- Implement caching: Caching can help improve your website’s performance by storing frequently accessed content and serving it quickly without having to retrieve it from the server every time. Consider using a caching plugin or a caching service provided by your hosting provider.
- Optimize images: Large, high resolution images can slow down your website’s performance. Optimize your images for the web by compressing them, reducing their size, and using a format that works best for web images.
- Use a scalable architecture: A large scale WordPress site requires a scalable architecture that can handle growth over time. Consider using a modular approach to development, breaking your site’s functionality into separate modules or plugins that can be scaled independently.
- Ensure security: Implement strong security measures to protect your site from potential threats, such as malware attacks or data breaches. This includes regularly updating WordPress and its plugins, using strong passwords, and implementing two factor authentication.
- Test your site’s performance: Regularly test your site’s performance using tools like GTmetrix or Google PageSpeed Insights to identify areas that need improvement and optimize accordingly.
Use WordPress for Headless eCommerce
To use WordPress for headless eCommerce, you’ll need to decouple the frontend (i.e the website interface) from the backend (i.e the eCommerce functionality). Here’s a high-level overview of how to set up a headless eCommerce solution with WordPress:
- Choose an eCommerce plugin or API: WordPress offers several eCommerce plugins, such as WooCommerce, that can handle the back-end functionality of your online store. Alternatively, you can use an eCommerce API, such as Shopify’s API, to handle the backend.
- Use a REST API: WordPress offers a REST API that allows you to access your site’s content and functionality programmatically. You can use the REST API to expose your eCommerce functionality to your headless frontend.
- Use Graphql API plugin: There are a few plugins that can be used individually or in combination to create a powerful GraphQL powered WordPress site. Each plugin offers slightly different functionality, so you should choose the one that best meets your needs.
- WPGraphQL: This is a popular GraphQL plugin for WordPress that allows you to query your WordPress data using GraphQL. With WPGraphQL, you can query WordPress content, including posts, pages, and custom post types, as well as taxonomies, menus, and user profiles.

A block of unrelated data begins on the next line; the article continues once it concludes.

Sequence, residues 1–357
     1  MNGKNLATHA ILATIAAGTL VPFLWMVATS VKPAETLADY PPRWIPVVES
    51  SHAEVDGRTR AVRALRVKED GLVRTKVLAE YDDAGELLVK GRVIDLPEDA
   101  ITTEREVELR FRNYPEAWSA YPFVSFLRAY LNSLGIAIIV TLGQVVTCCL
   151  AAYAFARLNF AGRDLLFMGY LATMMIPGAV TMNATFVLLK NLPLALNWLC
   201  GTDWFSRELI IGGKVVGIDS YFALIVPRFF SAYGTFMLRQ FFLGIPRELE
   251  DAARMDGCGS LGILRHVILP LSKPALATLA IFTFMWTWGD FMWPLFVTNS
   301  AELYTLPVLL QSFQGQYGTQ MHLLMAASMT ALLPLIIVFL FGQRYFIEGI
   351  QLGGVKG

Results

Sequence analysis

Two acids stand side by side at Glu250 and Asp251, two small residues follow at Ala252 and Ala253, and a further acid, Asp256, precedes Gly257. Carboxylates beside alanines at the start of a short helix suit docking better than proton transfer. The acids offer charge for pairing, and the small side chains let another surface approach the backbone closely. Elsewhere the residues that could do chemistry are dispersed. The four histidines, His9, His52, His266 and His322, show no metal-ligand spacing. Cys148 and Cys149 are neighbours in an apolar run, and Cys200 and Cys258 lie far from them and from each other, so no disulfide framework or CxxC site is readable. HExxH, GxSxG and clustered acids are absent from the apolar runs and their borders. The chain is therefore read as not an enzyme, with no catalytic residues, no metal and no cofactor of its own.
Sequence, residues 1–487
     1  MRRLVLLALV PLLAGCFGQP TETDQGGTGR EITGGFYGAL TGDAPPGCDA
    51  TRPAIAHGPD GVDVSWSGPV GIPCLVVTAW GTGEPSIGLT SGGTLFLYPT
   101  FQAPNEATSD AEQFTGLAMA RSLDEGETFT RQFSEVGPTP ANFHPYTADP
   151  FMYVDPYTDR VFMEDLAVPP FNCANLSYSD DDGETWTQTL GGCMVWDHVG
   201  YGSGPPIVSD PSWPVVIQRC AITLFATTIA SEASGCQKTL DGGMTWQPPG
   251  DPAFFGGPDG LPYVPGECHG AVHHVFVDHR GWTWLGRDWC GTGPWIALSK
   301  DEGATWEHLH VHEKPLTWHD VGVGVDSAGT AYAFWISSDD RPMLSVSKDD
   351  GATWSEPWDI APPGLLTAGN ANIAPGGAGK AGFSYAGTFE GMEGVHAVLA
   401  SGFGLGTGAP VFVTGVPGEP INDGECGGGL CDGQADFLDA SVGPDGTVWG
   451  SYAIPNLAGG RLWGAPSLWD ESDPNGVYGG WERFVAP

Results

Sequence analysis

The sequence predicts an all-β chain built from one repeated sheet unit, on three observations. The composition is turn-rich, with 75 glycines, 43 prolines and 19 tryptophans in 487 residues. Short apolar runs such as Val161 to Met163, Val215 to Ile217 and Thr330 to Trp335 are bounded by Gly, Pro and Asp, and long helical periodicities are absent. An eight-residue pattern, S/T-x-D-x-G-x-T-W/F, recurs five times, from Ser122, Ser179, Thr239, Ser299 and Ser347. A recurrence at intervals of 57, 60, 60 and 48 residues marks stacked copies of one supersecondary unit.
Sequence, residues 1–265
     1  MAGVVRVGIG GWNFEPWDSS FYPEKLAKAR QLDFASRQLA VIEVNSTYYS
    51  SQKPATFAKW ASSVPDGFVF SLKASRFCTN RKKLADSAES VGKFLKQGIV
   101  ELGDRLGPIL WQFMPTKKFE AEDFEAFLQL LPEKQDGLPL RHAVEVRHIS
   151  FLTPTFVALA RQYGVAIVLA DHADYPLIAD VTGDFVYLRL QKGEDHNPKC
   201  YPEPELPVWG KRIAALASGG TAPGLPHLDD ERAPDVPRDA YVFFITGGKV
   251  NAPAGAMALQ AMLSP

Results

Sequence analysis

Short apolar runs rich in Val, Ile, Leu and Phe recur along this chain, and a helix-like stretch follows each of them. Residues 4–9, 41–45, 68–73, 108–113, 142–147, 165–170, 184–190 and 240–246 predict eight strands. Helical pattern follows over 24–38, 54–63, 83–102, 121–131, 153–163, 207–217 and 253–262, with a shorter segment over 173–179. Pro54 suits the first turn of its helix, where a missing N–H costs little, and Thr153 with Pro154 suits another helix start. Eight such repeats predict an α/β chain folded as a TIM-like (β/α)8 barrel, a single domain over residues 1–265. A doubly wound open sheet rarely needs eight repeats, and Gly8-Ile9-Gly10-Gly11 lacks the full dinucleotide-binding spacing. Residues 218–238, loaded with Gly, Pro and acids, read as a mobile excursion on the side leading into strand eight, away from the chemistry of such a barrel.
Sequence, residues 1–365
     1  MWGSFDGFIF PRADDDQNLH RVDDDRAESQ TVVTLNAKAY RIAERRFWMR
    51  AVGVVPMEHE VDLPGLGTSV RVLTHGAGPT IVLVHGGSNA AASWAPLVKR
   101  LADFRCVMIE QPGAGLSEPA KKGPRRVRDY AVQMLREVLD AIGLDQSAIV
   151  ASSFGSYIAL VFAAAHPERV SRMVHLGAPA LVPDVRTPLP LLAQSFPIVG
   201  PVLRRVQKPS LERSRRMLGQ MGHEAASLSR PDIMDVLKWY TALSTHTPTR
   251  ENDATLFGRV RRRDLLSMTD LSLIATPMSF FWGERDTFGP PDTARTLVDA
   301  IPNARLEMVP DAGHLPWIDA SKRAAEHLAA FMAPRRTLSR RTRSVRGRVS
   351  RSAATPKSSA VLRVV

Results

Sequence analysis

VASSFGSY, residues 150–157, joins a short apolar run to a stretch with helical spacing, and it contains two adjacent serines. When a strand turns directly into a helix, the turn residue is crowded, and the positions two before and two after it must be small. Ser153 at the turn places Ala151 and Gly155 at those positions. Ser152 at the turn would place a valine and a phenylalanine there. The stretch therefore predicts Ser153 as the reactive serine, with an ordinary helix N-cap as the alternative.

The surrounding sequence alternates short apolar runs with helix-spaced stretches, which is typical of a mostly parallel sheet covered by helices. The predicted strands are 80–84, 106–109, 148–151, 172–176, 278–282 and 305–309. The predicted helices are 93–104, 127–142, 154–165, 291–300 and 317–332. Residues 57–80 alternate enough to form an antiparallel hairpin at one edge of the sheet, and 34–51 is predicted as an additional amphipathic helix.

- GraphQL API for WordPress: This plugin provides a GraphQL API for your WordPress site, allowing you to query your WordPress data using GraphQL. It supports querying posts, pages, and custom post types, as well as taxonomies and user profiles.
- GraphQL for WooCommerce: This plugin provides a GraphQL API for WooCommerce, allowing you to query your WooCommerce data using GraphQL. With this plugin, you can query products, orders, customers, and other WooCommerce data.
- WPGraphiQL: This is a plugin that adds a GraphiQL interface to your WordPress site, making it easy to test and explore your GraphQL queries.
- WP GraphiQL Explorer: This plugin adds an explorer to the GraphiQL interface, making it easy to browse and query your WordPress data.
- Customize your eCommerce functionality: You can use WordPress hooks and filters to customize your eCommerce functionality and create custom endpoints for your REST or GraphQL API.
- Implement authentication: You’ll need to implement authentication to ensure that only authorized users can access your eCommerce functionality. You can use token-based authentication or OAuth2 to secure your REST API.
- Deploy your solution: Once you’ve built your headless/composable eCommerce solution, you can deploy it to a hosting platform like AWS or Heroku.
By following these steps, you can use WordPress as a headless eCommerce solution, providing a flexible and customizable platform for your online store’s frontend and backend functionality.